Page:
Hassan Khail, Pakistan (CNN) -- The white bags land with a thud, a small cloud of dust billowing around them. But for Pakistanis like Tariq Jan, the simple sack may as well be gold.
Each 30-kilogram sack contains enough animal feed to keep a donkey satisfied for a month. Without the United Nations donations, Tariq Jan would have no chance of restarting the life that he lost, washed away by the massive flooding that began in Pakistan almost two months ago.
He used to own more than 40 animals. But many of them died when his house and his land drowned under torrents of gushing water. His family depends on the milk from the cows.
"They have gotten much thinner," he said of his animals. "I am having a lot of trouble getting anything to eat for them."
The floodwaters submerged about 10 million acres, much of it in Punjab province, Pakistan's breadbasket, where people live off the soil and their livestock.
The United Nations Food and Agriculture Organization has been trucking in animal feed and seeds to plant anew.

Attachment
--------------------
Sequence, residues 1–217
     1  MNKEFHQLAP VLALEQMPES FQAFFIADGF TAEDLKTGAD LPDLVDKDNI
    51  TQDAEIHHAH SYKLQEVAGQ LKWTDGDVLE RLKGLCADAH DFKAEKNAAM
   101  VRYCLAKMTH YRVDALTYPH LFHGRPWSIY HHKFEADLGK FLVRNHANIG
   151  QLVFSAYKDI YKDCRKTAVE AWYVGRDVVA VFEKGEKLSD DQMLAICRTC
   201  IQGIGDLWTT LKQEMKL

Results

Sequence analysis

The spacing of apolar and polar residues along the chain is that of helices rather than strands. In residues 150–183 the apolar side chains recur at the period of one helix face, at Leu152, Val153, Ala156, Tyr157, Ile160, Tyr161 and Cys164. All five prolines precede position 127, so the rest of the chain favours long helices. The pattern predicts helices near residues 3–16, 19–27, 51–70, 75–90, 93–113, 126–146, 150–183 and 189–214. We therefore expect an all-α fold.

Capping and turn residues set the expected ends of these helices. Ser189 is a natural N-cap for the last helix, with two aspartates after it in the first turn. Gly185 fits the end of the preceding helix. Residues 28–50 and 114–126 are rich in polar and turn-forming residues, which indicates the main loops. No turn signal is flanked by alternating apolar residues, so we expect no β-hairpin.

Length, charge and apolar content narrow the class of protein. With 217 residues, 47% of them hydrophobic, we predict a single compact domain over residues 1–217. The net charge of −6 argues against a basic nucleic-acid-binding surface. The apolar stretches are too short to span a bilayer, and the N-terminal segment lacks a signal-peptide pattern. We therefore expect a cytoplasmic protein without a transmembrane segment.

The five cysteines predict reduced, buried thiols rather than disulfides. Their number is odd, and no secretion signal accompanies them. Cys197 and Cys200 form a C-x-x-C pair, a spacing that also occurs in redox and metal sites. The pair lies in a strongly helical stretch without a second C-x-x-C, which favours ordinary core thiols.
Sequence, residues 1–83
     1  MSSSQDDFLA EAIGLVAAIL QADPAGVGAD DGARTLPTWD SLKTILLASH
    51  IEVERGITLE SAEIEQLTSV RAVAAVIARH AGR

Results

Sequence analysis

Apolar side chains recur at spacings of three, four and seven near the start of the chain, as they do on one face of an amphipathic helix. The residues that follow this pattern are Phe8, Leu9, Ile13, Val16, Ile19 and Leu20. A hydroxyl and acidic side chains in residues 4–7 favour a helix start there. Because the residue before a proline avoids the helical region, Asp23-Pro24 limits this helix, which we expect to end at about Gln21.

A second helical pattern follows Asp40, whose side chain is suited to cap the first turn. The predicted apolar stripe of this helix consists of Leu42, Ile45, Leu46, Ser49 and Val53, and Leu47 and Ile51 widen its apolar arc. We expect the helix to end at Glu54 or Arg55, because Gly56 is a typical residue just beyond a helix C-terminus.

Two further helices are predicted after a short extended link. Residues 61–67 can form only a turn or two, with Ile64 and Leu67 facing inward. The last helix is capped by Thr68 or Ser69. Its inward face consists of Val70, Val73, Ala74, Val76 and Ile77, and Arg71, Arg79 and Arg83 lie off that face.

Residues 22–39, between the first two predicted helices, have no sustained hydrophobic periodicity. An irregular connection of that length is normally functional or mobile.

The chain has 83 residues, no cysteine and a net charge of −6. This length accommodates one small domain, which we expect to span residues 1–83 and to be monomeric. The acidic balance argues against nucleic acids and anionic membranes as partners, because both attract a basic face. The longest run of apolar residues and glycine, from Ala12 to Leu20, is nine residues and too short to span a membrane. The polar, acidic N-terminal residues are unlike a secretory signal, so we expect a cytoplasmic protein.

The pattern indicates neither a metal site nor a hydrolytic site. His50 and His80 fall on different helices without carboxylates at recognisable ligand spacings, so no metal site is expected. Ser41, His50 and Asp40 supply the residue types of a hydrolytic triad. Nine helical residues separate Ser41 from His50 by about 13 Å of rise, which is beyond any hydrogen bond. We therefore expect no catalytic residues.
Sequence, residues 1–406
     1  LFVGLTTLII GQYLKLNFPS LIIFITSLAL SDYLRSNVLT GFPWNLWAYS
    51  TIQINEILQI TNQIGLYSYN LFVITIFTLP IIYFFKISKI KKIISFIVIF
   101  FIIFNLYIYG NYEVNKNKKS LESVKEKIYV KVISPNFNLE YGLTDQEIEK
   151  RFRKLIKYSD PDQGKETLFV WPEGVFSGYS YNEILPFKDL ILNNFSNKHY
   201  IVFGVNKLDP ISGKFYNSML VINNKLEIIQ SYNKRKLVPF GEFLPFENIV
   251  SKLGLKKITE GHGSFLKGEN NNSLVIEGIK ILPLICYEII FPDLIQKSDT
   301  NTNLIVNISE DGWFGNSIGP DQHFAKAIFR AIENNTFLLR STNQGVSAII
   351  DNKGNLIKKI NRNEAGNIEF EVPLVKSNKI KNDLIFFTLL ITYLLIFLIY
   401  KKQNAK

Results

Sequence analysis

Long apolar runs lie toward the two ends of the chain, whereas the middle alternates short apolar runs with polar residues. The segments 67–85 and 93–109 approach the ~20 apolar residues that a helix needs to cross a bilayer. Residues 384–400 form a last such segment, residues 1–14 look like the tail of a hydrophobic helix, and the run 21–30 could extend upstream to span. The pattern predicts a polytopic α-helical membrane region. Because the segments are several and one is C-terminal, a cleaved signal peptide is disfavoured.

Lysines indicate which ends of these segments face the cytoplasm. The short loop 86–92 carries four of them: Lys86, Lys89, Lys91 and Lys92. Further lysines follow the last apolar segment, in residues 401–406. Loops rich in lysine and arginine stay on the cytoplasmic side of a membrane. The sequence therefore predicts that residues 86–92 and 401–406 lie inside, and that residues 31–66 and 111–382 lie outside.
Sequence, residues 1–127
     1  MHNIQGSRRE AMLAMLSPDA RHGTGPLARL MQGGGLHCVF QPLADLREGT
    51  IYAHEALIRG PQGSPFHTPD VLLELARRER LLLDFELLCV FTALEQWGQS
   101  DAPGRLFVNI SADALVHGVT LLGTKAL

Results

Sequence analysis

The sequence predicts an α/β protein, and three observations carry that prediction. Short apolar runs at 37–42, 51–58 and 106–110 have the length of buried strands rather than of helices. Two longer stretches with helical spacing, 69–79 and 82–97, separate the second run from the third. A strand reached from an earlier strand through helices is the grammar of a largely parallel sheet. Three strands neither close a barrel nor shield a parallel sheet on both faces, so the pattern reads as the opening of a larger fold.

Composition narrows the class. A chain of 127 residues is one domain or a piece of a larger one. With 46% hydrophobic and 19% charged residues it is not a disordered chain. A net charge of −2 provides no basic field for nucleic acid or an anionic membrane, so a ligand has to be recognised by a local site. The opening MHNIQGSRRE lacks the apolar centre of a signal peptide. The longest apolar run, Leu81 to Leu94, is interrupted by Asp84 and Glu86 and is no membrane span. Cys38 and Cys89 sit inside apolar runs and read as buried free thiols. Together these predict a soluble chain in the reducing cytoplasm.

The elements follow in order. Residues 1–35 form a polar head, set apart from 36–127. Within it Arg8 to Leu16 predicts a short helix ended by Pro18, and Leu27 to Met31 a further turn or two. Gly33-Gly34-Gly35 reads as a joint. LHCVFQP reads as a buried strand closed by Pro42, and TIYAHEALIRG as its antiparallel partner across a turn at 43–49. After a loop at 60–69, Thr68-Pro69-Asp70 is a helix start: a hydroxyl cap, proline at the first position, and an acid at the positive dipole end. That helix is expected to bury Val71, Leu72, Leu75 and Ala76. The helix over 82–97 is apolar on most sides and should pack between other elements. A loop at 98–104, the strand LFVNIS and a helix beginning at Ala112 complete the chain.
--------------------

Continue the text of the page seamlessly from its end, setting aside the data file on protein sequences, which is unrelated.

"We have to try and and get seeds in here and make sure they can get off food aid as fast as possible," the group's Truls Brekke said of the flood survivors.
Tariq Jan used to profit from several acres of syrupy sugar cane. But now, without any help, it will take perhaps five years before he can clear the sludge and see new shoots again.
But even the food aid is falling short.
Secretary-General Ban Ki-moon announced a few days ago that the United Nations is seeking another $1.594 billion for flood victims, bringing the total to more than $2 billion. The world body has received about 70 percent of the $460 million it initially requested.
Farther south in Sindh, the floods are still adding to the ranks of the homeless.
Every day, the United Nations is seeing 20,000 to 30,000 more people who have just lost their homes to rising waters. In all, more than 20 million people were affected by the floods.
Waters from Lake Manchar are overflowing in five directions. Some people are referring to it as a "lake burst," said Fawad Hussain, a U.N. relief coordinator for Sindh.
"First we had the rain, then the waters from the river and now the lake," Hussain said. "We have not been able to scale up [the response] as quickly in the far south due to lack of funding."
There are people marooned in Pakistani villages who are still waiting for help.
"The monsoon rains may be over, but the floods are not," said Andro Shilakadze of UNICEF.
CNN's Fred Pletigen contributed to this report.